It was a more than decent view anyway. A partially clear line of sight down the line, which was elevated about 20 feet above us, hampered by tree branches before the train (it would be a train and not just a locomotive, as it was pulling carriages, somethine I learned during the wait) would explode into complete and unobstructed glory on the bridge across the road in front of us. We had the angle and we had the lighting, so I was already counting the Instagram likes.
The time arrived.
“Here we go, son, how’s that for timing?” he said, as we heard the whistles and saw the steam over the bare trees having been stood waiting barely two minutes. “Oh, bloody hell, it’s not even the Scotsman!” my dad laughed. It was the bog standard, run of the mill, East Lancs steam train completing its usual shuttle between Bury and Rawtenstall. Oh well, let’s view it as the warm up act to the main event.
Ten more minutes went by. Then another ten. Then another ten until there was still no sign. “Something must have gone wrong,” my dad thought aloud, as he checked his timetable to make sure it wasn’t his mistake. With utter serendipity, we heard the sound of an approaching steam train and looked back up at the bridge. And there it was in big, gold, freshly painted letters; THE GOLDEN ARROW.
“’The F-ing What’ did that say?!” He was incredulous. “What the hell was that? That wasn’t the Scotsman either!”
I mean, neither of us are a trainspotter’s cousin, so little did we know that his was a historic locomotive in itself; an Anglo-French enterprise that took first class only passengers from London to Dover, to board a ferry to Calais where they could join the Flèche d’Or to take them to Paris. A1920’s equivalent of the Channel tunnel.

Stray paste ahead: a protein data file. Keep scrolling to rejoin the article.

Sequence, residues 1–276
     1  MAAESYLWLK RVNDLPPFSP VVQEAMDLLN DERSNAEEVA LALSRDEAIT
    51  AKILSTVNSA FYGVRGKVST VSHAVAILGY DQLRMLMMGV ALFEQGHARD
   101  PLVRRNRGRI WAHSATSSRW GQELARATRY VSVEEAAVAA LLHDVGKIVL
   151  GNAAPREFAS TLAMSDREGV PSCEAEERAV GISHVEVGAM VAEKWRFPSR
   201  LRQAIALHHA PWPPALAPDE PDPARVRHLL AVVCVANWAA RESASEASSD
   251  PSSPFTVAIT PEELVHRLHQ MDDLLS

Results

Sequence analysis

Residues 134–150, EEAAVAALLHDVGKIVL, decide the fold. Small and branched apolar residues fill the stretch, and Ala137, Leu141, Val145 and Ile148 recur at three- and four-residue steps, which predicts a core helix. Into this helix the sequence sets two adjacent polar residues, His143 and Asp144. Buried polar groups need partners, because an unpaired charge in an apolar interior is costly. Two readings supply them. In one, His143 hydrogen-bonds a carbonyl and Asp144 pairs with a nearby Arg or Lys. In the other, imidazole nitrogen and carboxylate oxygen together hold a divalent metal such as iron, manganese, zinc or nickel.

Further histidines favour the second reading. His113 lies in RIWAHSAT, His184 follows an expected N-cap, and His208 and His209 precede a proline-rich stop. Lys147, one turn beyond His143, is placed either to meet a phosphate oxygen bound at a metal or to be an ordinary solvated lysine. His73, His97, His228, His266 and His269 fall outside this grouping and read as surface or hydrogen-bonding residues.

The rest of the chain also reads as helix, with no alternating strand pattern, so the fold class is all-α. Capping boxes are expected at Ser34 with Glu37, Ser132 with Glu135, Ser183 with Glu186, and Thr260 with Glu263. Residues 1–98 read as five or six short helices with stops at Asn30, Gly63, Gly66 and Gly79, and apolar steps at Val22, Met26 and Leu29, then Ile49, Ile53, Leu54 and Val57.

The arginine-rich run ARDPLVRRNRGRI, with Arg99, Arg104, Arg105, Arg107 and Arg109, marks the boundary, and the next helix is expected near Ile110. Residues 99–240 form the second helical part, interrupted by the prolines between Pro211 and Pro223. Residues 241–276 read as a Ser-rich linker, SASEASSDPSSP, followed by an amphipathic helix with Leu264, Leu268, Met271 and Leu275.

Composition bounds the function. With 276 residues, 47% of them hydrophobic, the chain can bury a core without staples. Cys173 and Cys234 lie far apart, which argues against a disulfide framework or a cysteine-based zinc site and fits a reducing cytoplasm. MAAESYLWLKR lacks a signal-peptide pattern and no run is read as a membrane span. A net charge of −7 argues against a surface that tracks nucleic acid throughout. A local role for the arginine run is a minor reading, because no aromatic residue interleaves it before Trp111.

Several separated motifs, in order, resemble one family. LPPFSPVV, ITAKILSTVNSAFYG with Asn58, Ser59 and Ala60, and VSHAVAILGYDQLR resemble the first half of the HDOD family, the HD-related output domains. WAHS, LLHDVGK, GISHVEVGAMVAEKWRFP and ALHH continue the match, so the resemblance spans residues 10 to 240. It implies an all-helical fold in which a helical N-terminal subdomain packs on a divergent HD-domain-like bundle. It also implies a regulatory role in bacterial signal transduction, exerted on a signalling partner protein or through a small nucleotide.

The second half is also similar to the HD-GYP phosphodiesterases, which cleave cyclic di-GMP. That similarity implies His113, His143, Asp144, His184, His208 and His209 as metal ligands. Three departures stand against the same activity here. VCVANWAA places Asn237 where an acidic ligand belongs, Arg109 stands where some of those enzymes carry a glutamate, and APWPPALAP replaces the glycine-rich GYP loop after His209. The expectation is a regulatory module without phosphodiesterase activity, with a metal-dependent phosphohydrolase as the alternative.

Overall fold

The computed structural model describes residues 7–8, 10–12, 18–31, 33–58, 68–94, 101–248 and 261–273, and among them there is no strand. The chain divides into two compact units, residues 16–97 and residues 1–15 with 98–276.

I found all this out whilst on my phone, whilst we stood there at the traffic lights at the bottom of Stubbins Street, almost underneath a railway bridge, outside the SCA Paper Mill. We also found out that there had been some sort of problem with the engine and there was an hour delay. By this time though, it was almost quarter to three, so it should be about another half an hour. We decided to go for a brew, in lieu of there being no pub anywhere nearby.
Following a couple of brews, we decided against heading into town, as pictures on twitter showed crowds, six deep, straining to get a fleeting view of this most famous train, and went back to our own private spec.
We resumed our vigil; dad keeping abreast of the football scores on his Apple watch (Burnley were 1-nil down already), I desperately refreshing the Flying Scotsman hashtag for a useful update on twitter, and Nelson and Ralph starting various degrees of bother with the many passing dogs and their owners. Springer spaniels and basset hounds are apparently sound but cocky little terriers and collies are definitely not.
Somehow time crept on to 3.45, when Burnley equalised on the stroke of half time, massively against the run of play. It was hardly a ringing endorsement for the organisation of the East Lancashire Railway company that Burnley, of all teams, could manage to score an away goal at Middlesbrough, of all places, before they could manage to get a £10m steam locomotive to travel just 12 miles in order to satisfy thousands of people.
By now it was raining and rapidly going dark. We had been stood in this same spot for coming up to two hours. My dad remarked that there was no way he could be a trainspotter. I joked that if he were, he at least would have prepared a thermos and some sandwiches.